The Crisis of the Modern World

by Rene Guenon, 1946

Of denunciations of the modern world, I can never get my fill.  Guenon claims that the West has abandoned tradition, contemplation, and metaphysics (all more or less synonymous for him), and created the world’s first anti-metaphysical (materialist and individualist) civilization.  The Eastern civilizations have preserved the wisdom that the West has abandoned, but today the West is working aggressively to spread its poison abroad.  The West itself is so far gone that it will most likely require expert help from the East to resuscitate our spiritual traditions.

This is not a great book, but it does make some original points.  A couple of things I found interesting:

  1. Guenon sensibly identifies the Catholic Church as the main repository of the West’s traditional spiritual wisdom.  She must be the starting point of any future revitalization of the West.  To play this glorious role, Guenon insists that the Church wouldn’t need to sacrifice any of her dogmas; in fact, she would get to stop watering down her faith to accomodate modernity.  I’m not sure if I trust Guenon here.  He seems to think that all traditional religions transmit the same essential truths.  Catholicism, however, carries historical as well as metaphysical truth claims.  Guenon doesn’t attack these claims, but they don’t seem to interest him either.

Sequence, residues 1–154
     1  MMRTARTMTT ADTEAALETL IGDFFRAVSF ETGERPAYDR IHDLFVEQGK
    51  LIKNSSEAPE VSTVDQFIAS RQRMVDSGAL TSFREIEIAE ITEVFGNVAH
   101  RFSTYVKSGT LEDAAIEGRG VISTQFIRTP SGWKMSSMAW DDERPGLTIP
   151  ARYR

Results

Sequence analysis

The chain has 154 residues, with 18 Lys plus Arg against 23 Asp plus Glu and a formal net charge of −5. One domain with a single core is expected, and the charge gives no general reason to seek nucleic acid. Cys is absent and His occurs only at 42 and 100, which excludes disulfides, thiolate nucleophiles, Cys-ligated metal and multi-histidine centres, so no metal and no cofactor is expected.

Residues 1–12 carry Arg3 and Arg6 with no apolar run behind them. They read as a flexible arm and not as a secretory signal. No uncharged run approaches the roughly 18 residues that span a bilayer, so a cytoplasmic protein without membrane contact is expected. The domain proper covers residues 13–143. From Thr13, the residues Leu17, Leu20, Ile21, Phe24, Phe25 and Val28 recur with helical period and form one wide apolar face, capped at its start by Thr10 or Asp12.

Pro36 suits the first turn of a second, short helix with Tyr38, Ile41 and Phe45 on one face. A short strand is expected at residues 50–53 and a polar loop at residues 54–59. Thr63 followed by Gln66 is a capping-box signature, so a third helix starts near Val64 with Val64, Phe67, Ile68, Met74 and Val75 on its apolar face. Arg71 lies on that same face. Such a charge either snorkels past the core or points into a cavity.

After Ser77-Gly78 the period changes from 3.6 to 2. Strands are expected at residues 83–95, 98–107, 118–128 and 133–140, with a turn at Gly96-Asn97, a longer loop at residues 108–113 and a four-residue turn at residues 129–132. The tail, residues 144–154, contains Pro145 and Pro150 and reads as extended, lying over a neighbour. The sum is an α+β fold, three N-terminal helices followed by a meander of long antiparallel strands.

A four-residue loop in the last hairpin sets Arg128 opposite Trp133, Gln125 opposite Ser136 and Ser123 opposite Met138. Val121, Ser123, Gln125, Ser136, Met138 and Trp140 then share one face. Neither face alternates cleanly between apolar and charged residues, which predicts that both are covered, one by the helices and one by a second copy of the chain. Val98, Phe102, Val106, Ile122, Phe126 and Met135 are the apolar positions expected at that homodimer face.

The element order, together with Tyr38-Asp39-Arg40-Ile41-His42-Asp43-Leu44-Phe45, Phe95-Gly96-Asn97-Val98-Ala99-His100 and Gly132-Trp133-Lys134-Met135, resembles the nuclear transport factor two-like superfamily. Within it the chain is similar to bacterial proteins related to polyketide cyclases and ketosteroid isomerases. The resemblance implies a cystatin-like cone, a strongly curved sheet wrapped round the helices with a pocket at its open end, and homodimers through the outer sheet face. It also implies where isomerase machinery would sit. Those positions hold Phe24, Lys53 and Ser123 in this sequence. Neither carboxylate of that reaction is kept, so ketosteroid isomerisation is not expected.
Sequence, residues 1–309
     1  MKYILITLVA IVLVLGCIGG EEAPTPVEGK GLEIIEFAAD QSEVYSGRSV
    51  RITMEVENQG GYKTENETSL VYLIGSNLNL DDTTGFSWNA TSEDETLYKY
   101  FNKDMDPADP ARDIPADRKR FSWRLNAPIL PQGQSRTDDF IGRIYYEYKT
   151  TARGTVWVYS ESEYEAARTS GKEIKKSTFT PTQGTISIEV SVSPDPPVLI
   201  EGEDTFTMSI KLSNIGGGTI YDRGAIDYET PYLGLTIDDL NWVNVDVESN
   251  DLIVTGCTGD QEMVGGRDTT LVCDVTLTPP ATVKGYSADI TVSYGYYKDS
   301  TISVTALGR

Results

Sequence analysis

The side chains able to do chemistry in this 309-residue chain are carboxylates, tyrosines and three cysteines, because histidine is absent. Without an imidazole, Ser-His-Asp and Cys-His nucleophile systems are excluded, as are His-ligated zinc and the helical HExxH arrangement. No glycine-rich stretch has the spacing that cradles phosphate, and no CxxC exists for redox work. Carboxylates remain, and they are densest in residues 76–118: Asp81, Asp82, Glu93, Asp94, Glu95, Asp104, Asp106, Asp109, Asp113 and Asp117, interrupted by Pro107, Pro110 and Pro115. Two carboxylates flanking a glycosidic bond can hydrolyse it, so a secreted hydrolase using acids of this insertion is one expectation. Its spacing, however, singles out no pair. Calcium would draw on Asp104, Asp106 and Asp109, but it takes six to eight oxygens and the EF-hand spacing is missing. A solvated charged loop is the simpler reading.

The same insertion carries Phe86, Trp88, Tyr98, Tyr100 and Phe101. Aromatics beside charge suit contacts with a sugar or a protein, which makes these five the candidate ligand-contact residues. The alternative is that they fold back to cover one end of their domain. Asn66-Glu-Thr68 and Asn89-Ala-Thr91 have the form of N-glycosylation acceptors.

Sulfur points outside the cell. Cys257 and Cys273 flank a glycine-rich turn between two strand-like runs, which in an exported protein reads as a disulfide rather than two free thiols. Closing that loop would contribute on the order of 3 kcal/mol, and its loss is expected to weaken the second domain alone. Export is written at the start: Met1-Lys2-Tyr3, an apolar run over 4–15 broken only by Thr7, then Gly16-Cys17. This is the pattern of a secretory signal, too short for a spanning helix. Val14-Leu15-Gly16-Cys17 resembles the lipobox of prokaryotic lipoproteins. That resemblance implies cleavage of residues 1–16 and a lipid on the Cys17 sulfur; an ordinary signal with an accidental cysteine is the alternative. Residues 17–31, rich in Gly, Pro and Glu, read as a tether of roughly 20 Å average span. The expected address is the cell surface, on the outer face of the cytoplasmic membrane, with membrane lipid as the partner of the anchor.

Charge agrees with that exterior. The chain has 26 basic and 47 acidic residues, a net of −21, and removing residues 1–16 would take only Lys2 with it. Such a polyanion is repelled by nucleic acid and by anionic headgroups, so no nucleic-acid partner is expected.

2. The most fascinating part of the book for me was the defense of non/pre-modern science.  For the ancients (and contemporary Easterners), the main point of science is not to quantitatively model and predict natural phenomena, but to use natural phenomena as mental aids, stepping-stones, to the contemplation of eternal, incorporeal truths.  (Remember all the images of the Trinity that medievals liked to find in the natural and psychological world?)  For this goal, Guenon pronounces contemporary science inferior to what it replaced.  He even goes so far as to say that our contempt for astrology and alchemy is based on misunderstandings.

One Response

  1. On the contrary, it is a very great book, and is the predecessor to his magnum opus, The Reign of Quantity []. Prior to Guénon the essential principles which he expounds so lucidly had been virtually forgotten in the West. They West is still ignorant of them, of course, but some few have been fortunate enough to have read Guénon with understanding. See the essays by Martin Lings on Guénon [], by Harry Oldmeadow [] as well as the appreciation and corrections by Frithjof Schuon, available at Amazon or at Online Books [].

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